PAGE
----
Title

International framework for examination of the cervical region for potential of cervical arterial dysfunction prior to orthopaedic manual therapy intervention

Date of this Version

6-1-2014

Document Type

Journal Article

Publication Details

Citation only

Rushton, A., Rivett, D., Carlesso, L., Flynn, T., Hing, W., & Kerry, R. (2014). International framework for examination of the cervical region for potential of cervical arterial dysfunction prior to orthopaedic manual therapy intervention. Manual Therapy, 19(3), 222-228.

© Copyright, Elsevier Ltd, 2014

2013 HERDC submission. FoR code: 110300;110600

ISSN

1356-689X

Abstract

A consensus clinical reasoning framework for best practice for the examination of the cervical spine region has been developed through an iterative consultative process with experts and manual physical therapy organisations. The framework was approved by the 22 member countries of the International Federation of Orthopaedic Manipulative Physical Therapists (October 2012). The purpose of the framework is to provide guidance to clinicians for the assessment of the cervical region for potential of Cervical Arterial Dysfunction in advance of planned management (inclusive of manual therapy and exercise interventions). The best, most recent scientific evidence is combined with international expert opinion, and is presented with the intention to be informative, but not prescriptive; and therefore as an aid to the clinician's clinical reasoning. Important underlying principles of the framework are that 1] although presentations and adverse events of Cervical Arterial Dysfunction are rare, it is a potentially serious condition and needs to be considered in musculoskeletal assessment; 2] manual therapists cannot rely on the results of one clinical test to draw conclusions as to the presence or risk of Cervical Arterial Dysfunction; and 3] a clinically reasoned understanding of the patient's presentation, including a risk:benefit analysis, following an informed, planned and individualised assessment, is essential for recognition of this condition and for safe manual therapy practice in the cervical region. Clinicians should also be cognisant of jurisdictionally specific requirements and obligations, particularly related to patient informed consent, when intending to use manual therapy in the cervical region.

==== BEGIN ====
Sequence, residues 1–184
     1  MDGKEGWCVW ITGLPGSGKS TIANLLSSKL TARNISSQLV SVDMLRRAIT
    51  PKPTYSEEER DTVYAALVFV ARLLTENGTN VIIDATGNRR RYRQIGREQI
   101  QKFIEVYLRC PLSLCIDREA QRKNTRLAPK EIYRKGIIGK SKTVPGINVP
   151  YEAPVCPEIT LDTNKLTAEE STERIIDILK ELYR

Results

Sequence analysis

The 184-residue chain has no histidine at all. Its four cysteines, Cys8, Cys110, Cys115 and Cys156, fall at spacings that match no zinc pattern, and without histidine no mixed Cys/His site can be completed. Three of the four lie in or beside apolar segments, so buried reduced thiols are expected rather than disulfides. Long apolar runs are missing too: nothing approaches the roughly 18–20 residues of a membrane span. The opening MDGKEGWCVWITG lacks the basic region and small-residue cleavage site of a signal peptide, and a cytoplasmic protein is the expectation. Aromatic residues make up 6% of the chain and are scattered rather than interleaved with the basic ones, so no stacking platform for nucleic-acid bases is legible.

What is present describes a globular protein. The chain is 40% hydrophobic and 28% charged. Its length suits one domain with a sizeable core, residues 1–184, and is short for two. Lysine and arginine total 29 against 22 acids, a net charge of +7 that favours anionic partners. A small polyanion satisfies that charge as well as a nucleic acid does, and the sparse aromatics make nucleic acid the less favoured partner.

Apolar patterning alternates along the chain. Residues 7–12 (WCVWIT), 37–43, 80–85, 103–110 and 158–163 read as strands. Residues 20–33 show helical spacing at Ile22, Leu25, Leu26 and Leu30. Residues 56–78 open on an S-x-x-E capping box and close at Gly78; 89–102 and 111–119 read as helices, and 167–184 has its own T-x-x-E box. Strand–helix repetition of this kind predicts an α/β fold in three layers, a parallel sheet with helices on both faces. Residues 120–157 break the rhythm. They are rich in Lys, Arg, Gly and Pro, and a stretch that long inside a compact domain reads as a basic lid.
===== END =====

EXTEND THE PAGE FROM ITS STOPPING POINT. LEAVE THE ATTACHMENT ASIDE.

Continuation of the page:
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This document has been peer reviewed.